Posted by: cmdicely on December 19, 2005 at 12:20 PM | PERMALINK

Nathan:

Yes, a John Doe and a number is fine.

Posted by: old_Bert on December 19, 2005 at 12:22 PM | PERMALINK
Can a FISA warrant be issued for a "John Doe" based merely on a cell-number?

Yes. See (3) in the above list of requirements for a FISA warrant.

Posted by: cmdicely on December 19, 2005 at 12:23 PM | PERMALINK

Am I missing something here?


Link to Josh Marshall's post on retroactive authorization. They can do as many emergency wiretaps as they like as long as they go to the FISA court withing 72 hours.

Posted by: they'll always shock you on December 19, 2005 at 12:23 PM | PERMALINK

cmdicely:

ah. interesting. what I wonder is does "a description of the target of the surveillance" allow for only a cellphone number? (or web-based e-mail address...its easy enough to get an untraceable e-mail account) if they had FISA warrants rejected on those grounds in the past I can see some justification here.

Posted by: Nathan on December 19, 2005 at 12:23 PM | PERMALINK

Justification: It's part of the President's job "to protect Americans"

In his press conference this morning, he mentioned several times that it was his job to "protect" Americans.

Protect. Hmmm. I not so sure this word means what he things it means.

Posted by: E. Henry Thripshaw on December 19, 2005 at 12:23 PM | PERMALINK

The echelon program was approved by Clinton and does the same thing yet there is no controversy. Why ?

Echelon is a collection method, not a real program. In fact, the term 'echelon' is out of circulation and doesn't really apply to anything in the case of NSA spying on US citizens.

Echelon is a key word search/recognition program that culls items of interest out of the vast piles of intercept out there. Regardless of what is said or written about the echelon search method, anything that it collects becomes subject to FISA and USSID 18 rules.

And, because I'm tired of having to point this out again and again, USSID 18 does not allow for the collection and storing of material on US citizens unless the FISA court has granted permission. Echelon search methods fall under USSID 18 and must comply with those laws, same as the wiretaps or whatever else is out there.

See this link:

http://cryptome.org/nsa-ussid18.htm

For more information.

Posted by: Pale Rider on December 19, 2005 at 12:25 PM | PERMALINK

We're really at something of a dividing line now, for Republicans. Are you just in the "easily fooled" category, or have you moved over to "willfully gullible"? Only the latter will be out defending this. (Note to McCain-swooners: he's tossed away a few more bona fides by taking the second course)
Posted by: demtom on December 19, 2005 at 12:13 PM | PERMALINK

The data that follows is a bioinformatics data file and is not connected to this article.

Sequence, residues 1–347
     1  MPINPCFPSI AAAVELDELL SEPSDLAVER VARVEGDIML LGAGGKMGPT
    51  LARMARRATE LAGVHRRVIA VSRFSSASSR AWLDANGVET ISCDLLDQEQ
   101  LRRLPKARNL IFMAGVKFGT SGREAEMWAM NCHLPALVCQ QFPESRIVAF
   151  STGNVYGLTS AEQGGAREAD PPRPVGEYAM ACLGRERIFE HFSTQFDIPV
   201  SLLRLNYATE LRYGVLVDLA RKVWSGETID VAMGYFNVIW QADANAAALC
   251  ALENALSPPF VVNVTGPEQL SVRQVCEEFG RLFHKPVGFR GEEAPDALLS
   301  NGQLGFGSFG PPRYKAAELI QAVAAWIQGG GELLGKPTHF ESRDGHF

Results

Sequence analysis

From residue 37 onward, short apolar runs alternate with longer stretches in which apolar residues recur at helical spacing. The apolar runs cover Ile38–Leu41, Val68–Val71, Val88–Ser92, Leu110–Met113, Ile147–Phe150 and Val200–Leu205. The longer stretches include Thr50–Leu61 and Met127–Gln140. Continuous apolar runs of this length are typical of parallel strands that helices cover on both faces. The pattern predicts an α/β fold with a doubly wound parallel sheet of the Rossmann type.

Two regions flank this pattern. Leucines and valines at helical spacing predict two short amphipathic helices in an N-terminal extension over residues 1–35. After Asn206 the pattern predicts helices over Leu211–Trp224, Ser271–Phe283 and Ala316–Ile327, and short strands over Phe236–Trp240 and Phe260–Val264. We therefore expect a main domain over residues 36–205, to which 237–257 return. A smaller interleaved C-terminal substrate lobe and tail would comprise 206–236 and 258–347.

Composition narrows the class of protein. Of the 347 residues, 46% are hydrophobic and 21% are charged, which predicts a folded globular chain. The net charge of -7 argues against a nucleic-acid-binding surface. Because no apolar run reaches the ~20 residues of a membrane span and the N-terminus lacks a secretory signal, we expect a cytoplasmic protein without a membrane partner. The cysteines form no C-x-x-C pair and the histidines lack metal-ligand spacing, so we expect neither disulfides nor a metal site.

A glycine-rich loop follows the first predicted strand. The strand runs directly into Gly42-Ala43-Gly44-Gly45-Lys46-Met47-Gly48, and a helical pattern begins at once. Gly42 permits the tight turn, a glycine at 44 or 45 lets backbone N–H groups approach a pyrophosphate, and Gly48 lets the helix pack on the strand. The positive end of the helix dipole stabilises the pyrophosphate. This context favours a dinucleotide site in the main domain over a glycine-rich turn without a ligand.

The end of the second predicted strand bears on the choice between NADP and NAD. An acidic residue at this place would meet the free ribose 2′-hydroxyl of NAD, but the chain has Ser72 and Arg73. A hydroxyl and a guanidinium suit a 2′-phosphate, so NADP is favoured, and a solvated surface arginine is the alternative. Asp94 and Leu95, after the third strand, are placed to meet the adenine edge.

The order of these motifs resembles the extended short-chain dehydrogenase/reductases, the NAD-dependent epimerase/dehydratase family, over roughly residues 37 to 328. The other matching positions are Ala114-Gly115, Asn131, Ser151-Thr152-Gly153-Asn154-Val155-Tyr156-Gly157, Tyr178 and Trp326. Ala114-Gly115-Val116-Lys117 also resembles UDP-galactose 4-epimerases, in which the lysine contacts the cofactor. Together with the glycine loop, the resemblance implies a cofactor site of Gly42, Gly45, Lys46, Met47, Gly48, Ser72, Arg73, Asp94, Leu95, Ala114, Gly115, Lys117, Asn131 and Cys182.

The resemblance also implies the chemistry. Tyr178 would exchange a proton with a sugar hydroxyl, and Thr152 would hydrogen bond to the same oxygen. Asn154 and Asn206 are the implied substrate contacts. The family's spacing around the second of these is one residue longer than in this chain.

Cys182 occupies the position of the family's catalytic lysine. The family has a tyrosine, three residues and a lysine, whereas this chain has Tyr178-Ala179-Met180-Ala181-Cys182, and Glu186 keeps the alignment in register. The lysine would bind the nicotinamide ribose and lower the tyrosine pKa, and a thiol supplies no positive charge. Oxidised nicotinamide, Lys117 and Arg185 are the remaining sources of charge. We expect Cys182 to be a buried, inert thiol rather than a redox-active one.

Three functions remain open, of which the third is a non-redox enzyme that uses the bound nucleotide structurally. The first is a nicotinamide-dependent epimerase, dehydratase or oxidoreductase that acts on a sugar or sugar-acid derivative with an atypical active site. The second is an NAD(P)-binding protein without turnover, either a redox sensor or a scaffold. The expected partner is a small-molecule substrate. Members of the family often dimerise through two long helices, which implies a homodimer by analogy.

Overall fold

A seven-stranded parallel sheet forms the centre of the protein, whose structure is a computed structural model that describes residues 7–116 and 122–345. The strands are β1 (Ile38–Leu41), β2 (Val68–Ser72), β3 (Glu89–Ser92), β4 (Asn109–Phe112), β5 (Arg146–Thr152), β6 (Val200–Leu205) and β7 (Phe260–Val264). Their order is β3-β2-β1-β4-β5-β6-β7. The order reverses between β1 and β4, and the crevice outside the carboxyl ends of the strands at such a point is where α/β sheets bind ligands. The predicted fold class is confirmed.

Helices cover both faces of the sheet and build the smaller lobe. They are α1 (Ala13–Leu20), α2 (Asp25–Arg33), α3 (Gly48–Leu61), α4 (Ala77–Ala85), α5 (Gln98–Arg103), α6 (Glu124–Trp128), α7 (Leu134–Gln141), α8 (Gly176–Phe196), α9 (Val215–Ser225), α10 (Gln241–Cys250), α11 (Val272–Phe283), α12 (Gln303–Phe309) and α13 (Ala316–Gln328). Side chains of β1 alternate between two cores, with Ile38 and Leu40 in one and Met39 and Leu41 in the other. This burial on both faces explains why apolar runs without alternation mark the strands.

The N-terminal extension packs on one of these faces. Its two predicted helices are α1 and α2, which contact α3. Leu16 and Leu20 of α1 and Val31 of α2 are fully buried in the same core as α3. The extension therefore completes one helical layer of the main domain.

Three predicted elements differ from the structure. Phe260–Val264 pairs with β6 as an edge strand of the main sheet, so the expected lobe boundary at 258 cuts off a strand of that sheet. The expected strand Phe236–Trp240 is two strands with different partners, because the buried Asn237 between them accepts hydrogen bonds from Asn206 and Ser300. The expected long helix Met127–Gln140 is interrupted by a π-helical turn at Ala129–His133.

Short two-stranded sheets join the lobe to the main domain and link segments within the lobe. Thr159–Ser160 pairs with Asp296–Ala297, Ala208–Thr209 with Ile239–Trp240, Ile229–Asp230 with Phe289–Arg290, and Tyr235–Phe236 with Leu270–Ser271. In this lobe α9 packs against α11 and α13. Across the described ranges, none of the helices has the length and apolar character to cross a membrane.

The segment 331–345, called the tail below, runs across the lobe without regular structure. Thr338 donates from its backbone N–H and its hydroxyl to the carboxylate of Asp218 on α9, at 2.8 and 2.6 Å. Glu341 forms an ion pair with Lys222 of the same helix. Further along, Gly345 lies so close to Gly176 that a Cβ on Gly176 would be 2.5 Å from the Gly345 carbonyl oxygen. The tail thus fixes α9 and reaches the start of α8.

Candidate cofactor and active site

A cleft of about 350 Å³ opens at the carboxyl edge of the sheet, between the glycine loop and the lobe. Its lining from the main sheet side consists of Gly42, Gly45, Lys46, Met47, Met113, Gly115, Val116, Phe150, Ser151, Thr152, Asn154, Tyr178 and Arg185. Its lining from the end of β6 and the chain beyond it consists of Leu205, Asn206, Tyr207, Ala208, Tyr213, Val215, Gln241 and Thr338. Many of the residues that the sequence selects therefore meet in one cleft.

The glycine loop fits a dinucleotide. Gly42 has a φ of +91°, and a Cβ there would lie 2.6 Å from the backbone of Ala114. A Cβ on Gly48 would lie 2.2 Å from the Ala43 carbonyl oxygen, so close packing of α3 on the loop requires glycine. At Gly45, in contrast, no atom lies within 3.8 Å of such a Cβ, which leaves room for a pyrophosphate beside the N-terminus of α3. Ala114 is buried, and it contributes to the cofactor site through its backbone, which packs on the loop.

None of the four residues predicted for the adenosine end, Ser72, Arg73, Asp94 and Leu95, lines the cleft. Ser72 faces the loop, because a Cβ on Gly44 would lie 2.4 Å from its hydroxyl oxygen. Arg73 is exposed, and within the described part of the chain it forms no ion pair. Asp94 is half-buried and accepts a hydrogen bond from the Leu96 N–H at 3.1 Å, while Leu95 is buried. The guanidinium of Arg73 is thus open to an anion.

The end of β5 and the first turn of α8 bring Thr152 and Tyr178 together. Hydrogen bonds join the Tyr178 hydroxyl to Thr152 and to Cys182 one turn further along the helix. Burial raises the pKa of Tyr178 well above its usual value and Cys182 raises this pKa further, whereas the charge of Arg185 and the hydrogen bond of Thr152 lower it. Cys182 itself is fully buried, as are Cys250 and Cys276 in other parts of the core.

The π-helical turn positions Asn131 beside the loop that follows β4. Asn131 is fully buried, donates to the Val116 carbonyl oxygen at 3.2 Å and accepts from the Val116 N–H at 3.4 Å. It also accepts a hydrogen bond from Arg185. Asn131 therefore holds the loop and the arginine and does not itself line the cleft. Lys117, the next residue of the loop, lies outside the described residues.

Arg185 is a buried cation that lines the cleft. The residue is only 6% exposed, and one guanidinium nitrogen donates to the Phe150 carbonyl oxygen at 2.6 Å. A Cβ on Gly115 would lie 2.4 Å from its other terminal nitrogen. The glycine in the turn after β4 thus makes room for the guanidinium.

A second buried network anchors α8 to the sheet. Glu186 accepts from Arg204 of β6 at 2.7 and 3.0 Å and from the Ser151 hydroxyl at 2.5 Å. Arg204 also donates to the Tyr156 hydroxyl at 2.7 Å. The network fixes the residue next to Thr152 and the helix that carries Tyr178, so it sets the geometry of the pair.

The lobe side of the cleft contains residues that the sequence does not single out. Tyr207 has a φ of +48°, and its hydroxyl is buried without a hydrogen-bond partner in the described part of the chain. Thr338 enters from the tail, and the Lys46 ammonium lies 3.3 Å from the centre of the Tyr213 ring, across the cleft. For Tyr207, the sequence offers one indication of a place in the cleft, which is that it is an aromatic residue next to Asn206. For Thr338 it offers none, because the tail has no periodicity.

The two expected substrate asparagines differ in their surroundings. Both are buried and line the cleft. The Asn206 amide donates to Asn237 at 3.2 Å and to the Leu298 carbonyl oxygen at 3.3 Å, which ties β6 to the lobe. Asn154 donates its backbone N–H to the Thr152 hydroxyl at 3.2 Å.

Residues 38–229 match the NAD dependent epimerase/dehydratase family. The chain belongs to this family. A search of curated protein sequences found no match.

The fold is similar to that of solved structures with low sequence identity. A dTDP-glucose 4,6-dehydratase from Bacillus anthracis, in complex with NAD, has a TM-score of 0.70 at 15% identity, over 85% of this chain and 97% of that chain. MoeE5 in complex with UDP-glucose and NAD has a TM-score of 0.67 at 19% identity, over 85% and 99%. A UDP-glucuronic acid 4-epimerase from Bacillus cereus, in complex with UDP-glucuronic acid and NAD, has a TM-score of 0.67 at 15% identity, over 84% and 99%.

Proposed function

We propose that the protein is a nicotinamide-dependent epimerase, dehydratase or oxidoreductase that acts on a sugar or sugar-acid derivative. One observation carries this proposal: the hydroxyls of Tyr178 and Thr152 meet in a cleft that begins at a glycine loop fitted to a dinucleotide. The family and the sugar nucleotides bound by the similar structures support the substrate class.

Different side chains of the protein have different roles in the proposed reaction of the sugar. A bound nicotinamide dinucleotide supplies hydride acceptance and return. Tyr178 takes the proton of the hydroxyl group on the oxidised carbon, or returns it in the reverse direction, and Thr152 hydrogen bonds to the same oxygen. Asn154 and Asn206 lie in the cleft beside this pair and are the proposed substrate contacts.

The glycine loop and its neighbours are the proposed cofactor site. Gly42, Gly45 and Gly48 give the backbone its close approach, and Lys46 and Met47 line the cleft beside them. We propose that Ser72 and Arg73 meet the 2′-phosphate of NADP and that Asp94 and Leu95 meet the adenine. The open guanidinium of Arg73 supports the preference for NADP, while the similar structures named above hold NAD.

No - we crossed the line to "willfully gullible" a long time ago.

Posted by: freedom_been_forgotten on December 19, 2005 at 12:26 PM | PERMALINK

Well whatever it was they were looking at, it was enough to disturb two FISA Court Judges, one a reliable conservative Reagan appointee, think about it.

Posted by: aline on December 19, 2005 at 12:27 PM | PERMALINK

(A) the target of the electronic surveillance is a foreign power or an agent of a foreign power;

so i'm thinkin' "we found this number in a know Al Queda members cell phone book and we wanta check it out for a coupla days" prolly would cover it, esp ""shortly after 9/11"" when this thing supposedly started.

and as far as the "urgency" thing goes, if you can wake a district or superior court judge up at 2am to do an emergency child custody removal, or get an injunction, then why the hell wouldn't the FISA court judge have some way you could get ahold of her 24/7, this being NAtionAL SECurity and ALL??

Posted by: e1 on December 19, 2005 at 12:27 PM | PERMALINK

Ronald Reagan said, "The nine most terrifying words in the English language are, 'I'm from the government and I'm here to help."

Posted by: Darryl Pearce on December 19, 2005 at 12:28 PM | PERMALINK

Mike K said:

The FISA court turned down the FBI attempt to get a search warrant for Moussawi's laptop files

In fact, Mike's statement is absolutely false. Here's what the article cited by him actually said:

the process allowed the Headquarters Supervisor to ... get out of the work of having to see the FISA application through or possibly to avoid taking what he may have perceived as an unnecessary career risk.

In short, FISA never saw the request (at least according to the article; if Mike has another source, he needs to provide it.)

Posted by: Close Reader on December 19, 2005 at 12:28 PM | PERMALINK

It's simple. The Bush administration has obtained intelligence that Al Qaeda has infiltrated the FISA court.

Posted by: theperegrine on December 19, 2005 at 12:28 PM | PERMALINK